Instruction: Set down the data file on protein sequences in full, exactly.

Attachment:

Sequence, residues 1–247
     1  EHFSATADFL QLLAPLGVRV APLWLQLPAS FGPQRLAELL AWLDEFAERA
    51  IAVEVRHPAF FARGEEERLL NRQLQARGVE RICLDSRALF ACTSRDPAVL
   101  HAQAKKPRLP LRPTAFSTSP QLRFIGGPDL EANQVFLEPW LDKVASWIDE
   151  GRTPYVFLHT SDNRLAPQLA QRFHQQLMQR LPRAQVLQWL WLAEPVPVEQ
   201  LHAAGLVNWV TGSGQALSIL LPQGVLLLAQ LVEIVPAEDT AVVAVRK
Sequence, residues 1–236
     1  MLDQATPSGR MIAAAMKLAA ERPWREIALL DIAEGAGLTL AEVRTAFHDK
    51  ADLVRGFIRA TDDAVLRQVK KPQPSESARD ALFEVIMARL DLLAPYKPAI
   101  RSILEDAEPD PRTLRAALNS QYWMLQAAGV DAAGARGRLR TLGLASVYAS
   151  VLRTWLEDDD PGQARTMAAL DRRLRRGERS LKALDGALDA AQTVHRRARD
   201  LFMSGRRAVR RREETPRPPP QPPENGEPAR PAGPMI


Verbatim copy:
Sequence, residues 1–247
     1  EHFSATADFL QLLAPLGVRV APLWLQLPAS FGPQRLAELL AWLDEFAERA
    51  IAVEVRHPAF FARGEEERLL NRQLQARGVE RICLDSRALF ACTSRDPAVL
   101  HAQAKKPRLP LRPTAFSTSP QLRFIGGPDL EANQVFLEPW LDKVASWIDE
   151  GRTPYVFLHT SDNRLAPQLA QRFHQQLMQR LPRAQVLQWL WLAEPVPVEQ
   201  LHAAGLVNWV TGSGQALSIL LPQGVLLLAQ LVEIVPAEDT AVVAVRK
Sequence, residues 1–236
     1  MLDQATPSGR MIAAAMKLAA ERPWREIALL DIAEGAGLTL AEVRTAFHDK
    51  ADLVRGFIRA TDDAVLRQVK KPQPSESARD ALFEVIMARL DLLAPYKPAI
   101  RSILEDAEPD PRTLRAALNS QYWMLQAAGV DAAGARGRLR TLGLASVYAS
   151  VLRTWLEDDD PGQARTMAAL DRRLRRGERS LKALDGALDA AQTVHRRARD
   201  LFMSGRRAVR RREETPRPPP QPPENGEPAR PAGPMI